The rainbow trout resurgence has been one of the highlights of freshwater fishing this autumn.
For a few seasons, especially at the height of the drought, rainbow trout were few and far between in the mountain lakes and rivers.
A few worried anglers were concerned they'd disappeared for good!
But on the back of a wet summer and an even wetter start to autumn, rainbow trout have rebounded with a vengeance, dominating anglers' bags for the first time in years.
Trollers at Eucumbene landed some beautifully conditioned rainbows over the Anzac Day long weekend, including a smattering of 50cm-plus fish.
Shore-based fishing around the lake has been difficult because of the rapidly falling water levels, but bait fishers prepared to persist and move around are also catching some super rainbow trout, mainly on Powerbait.
Rainbows are also prevalent in the rivers and streams and they're providing mountains of fun on fly gear.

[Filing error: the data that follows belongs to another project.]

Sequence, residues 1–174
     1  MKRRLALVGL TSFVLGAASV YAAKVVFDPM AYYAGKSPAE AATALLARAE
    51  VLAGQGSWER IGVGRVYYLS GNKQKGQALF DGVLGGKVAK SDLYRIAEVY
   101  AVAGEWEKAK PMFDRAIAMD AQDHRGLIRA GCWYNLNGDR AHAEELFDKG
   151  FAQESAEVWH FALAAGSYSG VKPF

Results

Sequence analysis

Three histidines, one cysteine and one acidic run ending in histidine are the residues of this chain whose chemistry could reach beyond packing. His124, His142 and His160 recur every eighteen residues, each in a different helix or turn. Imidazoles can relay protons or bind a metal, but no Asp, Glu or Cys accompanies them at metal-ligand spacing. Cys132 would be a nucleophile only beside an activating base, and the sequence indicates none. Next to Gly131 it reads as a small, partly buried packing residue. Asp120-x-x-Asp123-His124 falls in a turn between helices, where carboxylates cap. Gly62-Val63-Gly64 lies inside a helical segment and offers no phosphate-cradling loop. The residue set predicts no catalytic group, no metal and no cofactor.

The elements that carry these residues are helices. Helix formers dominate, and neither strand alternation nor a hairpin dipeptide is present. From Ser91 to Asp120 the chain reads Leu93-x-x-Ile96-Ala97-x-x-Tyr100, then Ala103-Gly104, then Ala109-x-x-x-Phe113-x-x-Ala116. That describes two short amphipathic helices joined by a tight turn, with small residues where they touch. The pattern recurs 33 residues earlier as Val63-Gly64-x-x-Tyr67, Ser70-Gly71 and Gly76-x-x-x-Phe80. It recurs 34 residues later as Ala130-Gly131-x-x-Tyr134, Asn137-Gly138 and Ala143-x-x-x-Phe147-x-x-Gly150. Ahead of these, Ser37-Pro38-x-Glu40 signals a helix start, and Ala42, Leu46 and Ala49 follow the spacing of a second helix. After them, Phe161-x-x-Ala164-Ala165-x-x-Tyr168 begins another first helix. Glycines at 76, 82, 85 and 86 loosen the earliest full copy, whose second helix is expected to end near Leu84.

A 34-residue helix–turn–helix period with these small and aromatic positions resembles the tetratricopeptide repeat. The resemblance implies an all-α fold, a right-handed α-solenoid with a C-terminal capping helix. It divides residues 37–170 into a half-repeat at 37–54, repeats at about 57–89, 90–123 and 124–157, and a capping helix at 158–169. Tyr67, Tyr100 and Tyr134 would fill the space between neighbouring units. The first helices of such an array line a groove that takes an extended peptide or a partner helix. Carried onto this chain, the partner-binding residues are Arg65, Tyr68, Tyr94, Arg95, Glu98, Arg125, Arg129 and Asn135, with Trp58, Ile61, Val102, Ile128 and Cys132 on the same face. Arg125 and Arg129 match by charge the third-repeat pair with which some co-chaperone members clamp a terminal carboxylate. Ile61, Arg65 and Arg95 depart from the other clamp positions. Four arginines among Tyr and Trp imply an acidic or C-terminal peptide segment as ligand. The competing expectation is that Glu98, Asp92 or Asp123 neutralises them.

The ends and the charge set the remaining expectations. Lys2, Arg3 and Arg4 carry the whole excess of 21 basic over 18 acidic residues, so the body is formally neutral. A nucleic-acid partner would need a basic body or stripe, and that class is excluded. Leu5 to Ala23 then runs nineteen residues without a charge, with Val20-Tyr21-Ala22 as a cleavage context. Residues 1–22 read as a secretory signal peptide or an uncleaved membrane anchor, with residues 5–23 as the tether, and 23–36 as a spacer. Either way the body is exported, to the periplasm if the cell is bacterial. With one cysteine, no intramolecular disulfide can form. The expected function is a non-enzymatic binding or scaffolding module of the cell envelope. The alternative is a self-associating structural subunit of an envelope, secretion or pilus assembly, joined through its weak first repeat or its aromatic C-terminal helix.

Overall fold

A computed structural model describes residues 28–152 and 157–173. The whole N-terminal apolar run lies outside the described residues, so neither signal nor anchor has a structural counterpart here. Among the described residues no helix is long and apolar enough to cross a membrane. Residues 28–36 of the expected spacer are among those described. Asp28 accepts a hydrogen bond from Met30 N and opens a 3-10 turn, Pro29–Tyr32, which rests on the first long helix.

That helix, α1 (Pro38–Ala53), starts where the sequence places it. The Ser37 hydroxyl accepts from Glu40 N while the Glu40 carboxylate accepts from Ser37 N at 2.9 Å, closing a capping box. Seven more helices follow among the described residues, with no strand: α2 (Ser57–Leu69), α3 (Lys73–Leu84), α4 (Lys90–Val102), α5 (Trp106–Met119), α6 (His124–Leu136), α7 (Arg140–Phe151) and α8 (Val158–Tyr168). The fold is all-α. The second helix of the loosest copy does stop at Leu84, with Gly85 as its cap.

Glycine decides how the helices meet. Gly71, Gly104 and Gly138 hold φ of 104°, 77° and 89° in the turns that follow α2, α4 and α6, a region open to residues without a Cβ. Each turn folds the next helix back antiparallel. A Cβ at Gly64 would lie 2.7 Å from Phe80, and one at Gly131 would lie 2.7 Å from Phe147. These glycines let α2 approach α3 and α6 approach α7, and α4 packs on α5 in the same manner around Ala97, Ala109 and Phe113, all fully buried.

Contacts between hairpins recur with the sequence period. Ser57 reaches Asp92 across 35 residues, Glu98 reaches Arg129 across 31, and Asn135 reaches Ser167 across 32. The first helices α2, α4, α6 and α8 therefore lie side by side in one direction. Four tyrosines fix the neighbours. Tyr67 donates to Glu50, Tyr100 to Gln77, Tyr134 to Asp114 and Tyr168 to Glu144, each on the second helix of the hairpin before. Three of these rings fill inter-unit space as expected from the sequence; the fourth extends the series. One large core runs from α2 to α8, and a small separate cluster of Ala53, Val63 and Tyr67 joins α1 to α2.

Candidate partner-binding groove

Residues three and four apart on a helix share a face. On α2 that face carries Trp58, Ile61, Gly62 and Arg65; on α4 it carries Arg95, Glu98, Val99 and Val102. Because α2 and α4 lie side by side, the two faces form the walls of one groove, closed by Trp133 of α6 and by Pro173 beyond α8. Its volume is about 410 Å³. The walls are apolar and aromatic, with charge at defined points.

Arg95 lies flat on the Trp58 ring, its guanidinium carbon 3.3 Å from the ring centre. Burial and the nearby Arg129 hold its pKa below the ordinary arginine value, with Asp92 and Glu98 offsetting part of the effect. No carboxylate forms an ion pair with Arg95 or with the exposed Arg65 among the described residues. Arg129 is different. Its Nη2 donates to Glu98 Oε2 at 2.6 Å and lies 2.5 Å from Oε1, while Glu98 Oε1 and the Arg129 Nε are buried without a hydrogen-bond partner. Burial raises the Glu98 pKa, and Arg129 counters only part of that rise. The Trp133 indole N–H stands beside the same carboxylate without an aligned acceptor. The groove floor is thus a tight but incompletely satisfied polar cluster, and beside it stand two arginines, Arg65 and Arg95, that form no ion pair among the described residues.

More fish could enter the rivers as the brown trout spawning run gathers pace, with rainbows often chasing their speckled counterparts into the streams to feed on their eggs.
The South Coast estuaries are cooling down but that hasn't slowed the bite.
Bream, trevally, tailor and salmon are dining out on packed schools of bait, primarily in the lower reaches.
Hordes of chopper tailor are destroying everything in their path in the lower Moruya River, but underneath the baby choppers are some decent bream and trevally, if your bait or lure can make it that far!
Salmon and tailor are in excellent numbers around the breakwalls and rock ledges. Tailor favour the incoming tide but you'll find salmon all day long.
Glamour weather conditions have made it a joy to drift the reefs and gravel patches for sand flathead, which are abundant in about 40 metres of water.
Huge catches have been taken off Tuross and Congo, with a few sharks and other reef species thrown in for good measure.